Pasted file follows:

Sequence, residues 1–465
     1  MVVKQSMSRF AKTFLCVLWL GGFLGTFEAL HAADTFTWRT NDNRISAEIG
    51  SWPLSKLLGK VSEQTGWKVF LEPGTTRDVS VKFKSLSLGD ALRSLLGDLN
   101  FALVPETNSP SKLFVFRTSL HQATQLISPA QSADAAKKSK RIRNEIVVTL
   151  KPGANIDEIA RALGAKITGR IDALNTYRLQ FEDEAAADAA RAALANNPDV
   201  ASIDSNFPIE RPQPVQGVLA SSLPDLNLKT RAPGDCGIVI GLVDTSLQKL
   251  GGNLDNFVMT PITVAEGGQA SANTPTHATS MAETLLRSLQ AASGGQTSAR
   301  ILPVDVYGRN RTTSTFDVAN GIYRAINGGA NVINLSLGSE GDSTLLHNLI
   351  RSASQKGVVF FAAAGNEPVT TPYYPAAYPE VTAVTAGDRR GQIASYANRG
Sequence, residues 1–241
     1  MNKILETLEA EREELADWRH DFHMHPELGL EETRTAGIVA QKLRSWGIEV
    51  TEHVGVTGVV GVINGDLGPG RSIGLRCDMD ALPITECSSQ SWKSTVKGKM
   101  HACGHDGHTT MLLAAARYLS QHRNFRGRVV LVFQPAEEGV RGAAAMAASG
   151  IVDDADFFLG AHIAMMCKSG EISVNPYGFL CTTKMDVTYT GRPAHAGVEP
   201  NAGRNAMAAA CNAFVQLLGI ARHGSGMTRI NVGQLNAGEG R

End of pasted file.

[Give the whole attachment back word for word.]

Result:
Sequence, residues 1–465
     1  MVVKQSMSRF AKTFLCVLWL GGFLGTFEAL HAADTFTWRT NDNRISAEIG
    51  SWPLSKLLGK VSEQTGWKVF LEPGTTRDVS VKFKSLSLGD ALRSLLGDLN
   101  FALVPETNSP SKLFVFRTSL HQATQLISPA QSADAAKKSK RIRNEIVVTL
   151  KPGANIDEIA RALGAKITGR IDALNTYRLQ FEDEAAADAA RAALANNPDV
   201  ASIDSNFPIE RPQPVQGVLA SSLPDLNLKT RAPGDCGIVI GLVDTSLQKL
   251  GGNLDNFVMT PITVAEGGQA SANTPTHATS MAETLLRSLQ AASGGQTSAR
   301  ILPVDVYGRN RTTSTFDVAN GIYRAINGGA NVINLSLGSE GDSTLLHNLI
   351  RSASQKGVVF FAAAGNEPVT TPYYPAAYPE VTAVTAGDRR GQIASYANRG
Sequence, residues 1–241
     1  MNKILETLEA EREELADWRH DFHMHPELGL EETRTAGIVA QKLRSWGIEV
    51  TEHVGVTGVV GVINGDLGPG RSIGLRCDMD ALPITECSSQ SWKSTVKGKM
   101  HACGHDGHTT MLLAAARYLS QHRNFRGRVV LVFQPAEEGV RGAAAMAASG
   151  IVDDADFFLG AHIAMMCKSG EISVNPYGFL CTTKMDVTYT GRPAHAGVEP
   201  NAGRNAMAAA CNAFVQLLGI ARHGSGMTRI NVGQLNAGEG R